A public European school has an IT department with a person responsible for all mail related tasks, including the mail server.

Once that responsible sent an incriminatory email to a specific group of teachers, that use email accounts where the content is stored in the school mail server.

One of the teachers from the target group replied. From the content of the reply one can see what the responsible said initially is nonsense.

Then, the responsible deleted all the emails initially sent.

Is this allowed?

  • What new regulations? – gnasher729 Oct 9 '19 at 20:06
  • I changed to "Is this allowed?", goal is to understand what can be done under such situation. – Maven Carvalho Oct 9 '19 at 20:28
  • is this apart of a lawsuit? – User37849012643 Oct 9 '19 at 20:30
  • no it's not. This is a question from someone that doesn't know much about law that tries to understand a specific case. – Maven Carvalho Oct 9 '19 at 20:33
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There is no general legal obligation to preserve correspondence

There are laws against destroying evidence but for them to come into play there would have to be a civil or criminal case underway. From your question it doesn't seem that anyone is being sued or investigated by police so there is no evidence tampering involved.

Individuals and organisations are free to delete whatever they want from their computers unless and until they should be aware that it is or may become evidence.

Whether the deletion complies with internal organisation policies and procedures is not a legal matter except in so far as it exposes the deleter to employment sanctions.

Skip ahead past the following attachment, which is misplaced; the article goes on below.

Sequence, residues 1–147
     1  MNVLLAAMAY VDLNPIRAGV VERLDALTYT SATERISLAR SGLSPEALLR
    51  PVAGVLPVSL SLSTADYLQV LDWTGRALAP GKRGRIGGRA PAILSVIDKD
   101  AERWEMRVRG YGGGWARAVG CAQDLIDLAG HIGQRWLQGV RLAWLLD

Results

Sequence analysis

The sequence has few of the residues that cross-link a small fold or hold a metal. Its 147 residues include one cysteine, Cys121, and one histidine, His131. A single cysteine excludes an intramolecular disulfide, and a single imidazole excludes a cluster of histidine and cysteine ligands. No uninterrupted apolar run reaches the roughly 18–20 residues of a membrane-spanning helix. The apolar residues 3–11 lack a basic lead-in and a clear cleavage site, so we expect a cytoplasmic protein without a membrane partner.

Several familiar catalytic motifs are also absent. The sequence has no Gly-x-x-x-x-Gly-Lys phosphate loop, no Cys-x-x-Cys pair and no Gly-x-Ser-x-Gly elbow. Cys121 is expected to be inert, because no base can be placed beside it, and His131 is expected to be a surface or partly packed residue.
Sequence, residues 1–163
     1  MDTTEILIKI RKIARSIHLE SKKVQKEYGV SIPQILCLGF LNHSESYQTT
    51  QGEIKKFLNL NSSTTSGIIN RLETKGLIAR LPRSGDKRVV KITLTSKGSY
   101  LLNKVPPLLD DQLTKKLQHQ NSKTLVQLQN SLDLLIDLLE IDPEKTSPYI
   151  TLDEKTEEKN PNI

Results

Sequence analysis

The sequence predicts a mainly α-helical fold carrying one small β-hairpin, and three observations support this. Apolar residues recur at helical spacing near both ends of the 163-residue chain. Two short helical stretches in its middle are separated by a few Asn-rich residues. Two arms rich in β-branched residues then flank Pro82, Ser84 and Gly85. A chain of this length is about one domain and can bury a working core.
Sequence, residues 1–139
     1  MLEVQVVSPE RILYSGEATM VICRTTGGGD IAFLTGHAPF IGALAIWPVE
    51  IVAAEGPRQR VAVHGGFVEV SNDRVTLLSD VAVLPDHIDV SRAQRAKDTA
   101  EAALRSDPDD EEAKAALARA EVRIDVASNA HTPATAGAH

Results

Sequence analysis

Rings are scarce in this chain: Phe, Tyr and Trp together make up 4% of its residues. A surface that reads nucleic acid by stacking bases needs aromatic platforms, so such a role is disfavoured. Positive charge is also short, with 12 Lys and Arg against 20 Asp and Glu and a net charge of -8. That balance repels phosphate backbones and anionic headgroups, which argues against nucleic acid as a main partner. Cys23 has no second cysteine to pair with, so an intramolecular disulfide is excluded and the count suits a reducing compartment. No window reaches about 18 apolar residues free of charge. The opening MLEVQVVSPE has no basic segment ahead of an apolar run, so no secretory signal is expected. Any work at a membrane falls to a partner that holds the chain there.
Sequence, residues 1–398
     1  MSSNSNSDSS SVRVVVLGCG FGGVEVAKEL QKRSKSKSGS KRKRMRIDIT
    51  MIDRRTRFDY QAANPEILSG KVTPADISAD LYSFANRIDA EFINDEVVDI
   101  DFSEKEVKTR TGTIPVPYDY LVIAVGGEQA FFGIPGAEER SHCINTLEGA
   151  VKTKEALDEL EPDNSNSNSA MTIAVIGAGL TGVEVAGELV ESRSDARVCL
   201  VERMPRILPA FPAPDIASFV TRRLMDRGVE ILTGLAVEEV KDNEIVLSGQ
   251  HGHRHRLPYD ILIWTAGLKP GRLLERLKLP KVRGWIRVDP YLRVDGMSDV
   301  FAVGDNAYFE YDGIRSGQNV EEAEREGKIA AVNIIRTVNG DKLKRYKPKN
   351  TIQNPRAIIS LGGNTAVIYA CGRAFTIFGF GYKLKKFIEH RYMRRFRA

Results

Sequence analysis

• Let us continue this discussion in chat. – Dale M Oct 10 '19 at 0:57
  • 1
    Also, if the emails were deleted when litigation was in reasonable contemplation (though not commenced), it would be a contempt of court (in the UK at least). The emails might still be on the server in any event. – lellis Oct 10 '19 at 18:49

The only thing I can see peripherally touching would be a data breach which is the unauthorized disposal of data.

So, one has to ensure if the emails were deleted and are not possible to recover. If it's possible to recover, then recovery it is.

  • Not sure what you’re talking about a data breach for? – A.fm. Oct 10 '19 at 13:09
  • I don't understand you comment. Can you say it with different words? – Maven Carvalho Oct 10 '19 at 14:50
  • Sorry. Why are you mentioning a data breach? I am unsure what the relevance of a data breach is. Are you talking about the possibility that the person who send the email may have hacked into the system to delete the email? – A.fm. Oct 10 '19 at 14:52
  • Yes, that's correct. The email is gone, as if it was never sent in the first place. The only doubt here is can the responsible recover it or not. Either way, if you wanted to retrieve all your information from there, you would most likely not have everything (which is scary). – Maven Carvalho Oct 10 '19 at 16:22
  • I don’t think it is obvious from the post that what you’re saying is true. It says he deleted all the emails initially sent. I see your point, but I just don’t think there is enough information provided in the question to make this assumption. – A.fm. Oct 10 '19 at 16:25

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